The next major streaming service, and likely the last one to be launched by a major media company, is Peacock, Comcast and NBC Universal’s service that is scheduled to launch in full on July 15, after a preview version launched for Comcast subscribers in April.
With just over a week to go before its launch, Peacock is still without a deal with Amazon or Roku, to be included on those important streaming platforms. HBO Max, which launched in late May, also lacks deals with those companies.
Now, in a new interview, the Comcast executive who supervises Peacock doesn’t appear concerned.
“When it comes to Peacock, we’ve got a very long-term strategy and vision for what we’re bringing to market,” Matt Strauss, chairman of Peacock and NBCUniversal’s Digital Enterprises, told CNET in an interview this week. “It’s not a sprint, it’s a marathon for us.”
He added that the company is “in discussions with everybody,” and that the company would like to be on all platforms.
In the interview, Strauss added that the service is unlikely to have surprise unveilings of movies that were planned for theatrical release, the way Disney+ brought out Hamilton. NBC Universal brought out Trolls World Tour, King of Staten Island, and other planned Universal releases on video-on-demand this spring.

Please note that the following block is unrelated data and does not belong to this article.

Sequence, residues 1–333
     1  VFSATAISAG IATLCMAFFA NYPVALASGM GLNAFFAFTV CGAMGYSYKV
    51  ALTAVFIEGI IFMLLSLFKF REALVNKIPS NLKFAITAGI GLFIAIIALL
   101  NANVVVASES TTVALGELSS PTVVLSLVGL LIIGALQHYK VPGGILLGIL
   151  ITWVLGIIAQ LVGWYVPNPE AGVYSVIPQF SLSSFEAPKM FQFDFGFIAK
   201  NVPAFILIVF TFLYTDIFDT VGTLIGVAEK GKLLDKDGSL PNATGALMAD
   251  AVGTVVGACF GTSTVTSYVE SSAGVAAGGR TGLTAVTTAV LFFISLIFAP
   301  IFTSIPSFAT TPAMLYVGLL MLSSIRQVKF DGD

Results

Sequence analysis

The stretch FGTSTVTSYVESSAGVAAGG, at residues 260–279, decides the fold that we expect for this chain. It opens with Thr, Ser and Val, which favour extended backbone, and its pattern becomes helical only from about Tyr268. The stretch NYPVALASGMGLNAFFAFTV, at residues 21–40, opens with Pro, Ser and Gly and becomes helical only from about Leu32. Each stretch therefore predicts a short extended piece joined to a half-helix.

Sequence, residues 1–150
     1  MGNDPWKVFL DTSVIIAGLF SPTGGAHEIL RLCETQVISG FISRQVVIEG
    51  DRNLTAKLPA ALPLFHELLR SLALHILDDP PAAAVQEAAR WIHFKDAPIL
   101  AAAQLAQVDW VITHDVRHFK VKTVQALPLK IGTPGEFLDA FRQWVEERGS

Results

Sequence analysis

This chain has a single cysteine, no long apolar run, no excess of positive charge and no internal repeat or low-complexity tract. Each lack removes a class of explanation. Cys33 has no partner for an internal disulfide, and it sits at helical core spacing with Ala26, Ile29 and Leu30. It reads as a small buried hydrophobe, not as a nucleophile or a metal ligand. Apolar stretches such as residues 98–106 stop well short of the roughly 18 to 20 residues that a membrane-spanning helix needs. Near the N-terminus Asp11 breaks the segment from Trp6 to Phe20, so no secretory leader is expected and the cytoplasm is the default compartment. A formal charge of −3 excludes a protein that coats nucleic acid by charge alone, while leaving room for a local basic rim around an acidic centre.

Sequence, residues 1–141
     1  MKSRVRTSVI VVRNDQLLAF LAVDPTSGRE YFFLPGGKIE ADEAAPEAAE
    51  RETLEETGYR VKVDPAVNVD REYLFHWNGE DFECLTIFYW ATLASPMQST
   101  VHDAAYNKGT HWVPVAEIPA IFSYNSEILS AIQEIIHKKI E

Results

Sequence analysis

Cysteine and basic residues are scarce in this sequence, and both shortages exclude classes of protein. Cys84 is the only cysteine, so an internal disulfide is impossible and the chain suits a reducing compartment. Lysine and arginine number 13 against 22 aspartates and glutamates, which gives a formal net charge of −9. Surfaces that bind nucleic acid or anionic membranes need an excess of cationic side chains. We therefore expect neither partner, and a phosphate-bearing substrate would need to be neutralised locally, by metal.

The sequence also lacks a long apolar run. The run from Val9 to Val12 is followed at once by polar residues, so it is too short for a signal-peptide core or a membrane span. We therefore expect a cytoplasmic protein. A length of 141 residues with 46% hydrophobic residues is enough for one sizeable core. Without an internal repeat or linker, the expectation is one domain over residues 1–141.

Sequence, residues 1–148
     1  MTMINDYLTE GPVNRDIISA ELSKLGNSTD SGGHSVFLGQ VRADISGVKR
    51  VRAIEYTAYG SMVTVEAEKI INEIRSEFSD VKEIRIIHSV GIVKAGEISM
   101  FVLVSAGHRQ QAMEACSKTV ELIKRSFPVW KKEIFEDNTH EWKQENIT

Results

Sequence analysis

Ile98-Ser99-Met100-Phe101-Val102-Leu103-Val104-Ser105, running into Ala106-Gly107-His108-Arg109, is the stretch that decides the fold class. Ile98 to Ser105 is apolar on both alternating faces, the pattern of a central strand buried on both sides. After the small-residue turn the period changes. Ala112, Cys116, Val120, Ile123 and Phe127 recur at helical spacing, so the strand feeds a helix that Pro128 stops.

Comcast has announced some deals with partners to carry Peacock, including Apple, Google, Microsoft, and Vizio and LG, both of which will make Peacock available on their smart TV platforms.
The company also made a deal with ViacomCBS to license some legacy content from that company, to go with such core offerings as Saturday Night Live, 30 Rock and The Office, which will join Peacock in 2021.
Unlike most other major streaming services, Peacock offers a free tier, which includes ads, and a smaller amount of content than what is available on the $4.99 and $9.99-per-month tiers.
Peacock did not choose to delay its launch plans, even though the Olympics—for which Comcast and NBC control the broadcast rights in the United States—were postponed until 2021 due to the coronavirus pandemic.
Stephen Silver, a technology writer for The National Interest, is a journalist, essayist and film critic, who is also a contributor to Philly Voice, Philadelphia Weekly, the Jewish Telegraphic Agency, Living Life Fearless, Backstage magazine, Broad Street Review and Splice Today. The co-founder of the Philadelphia Film Critics Circle, Stephen lives in suburban Philadelphia with his wife and two sons. Follow him on Twitter at @StephenSilver.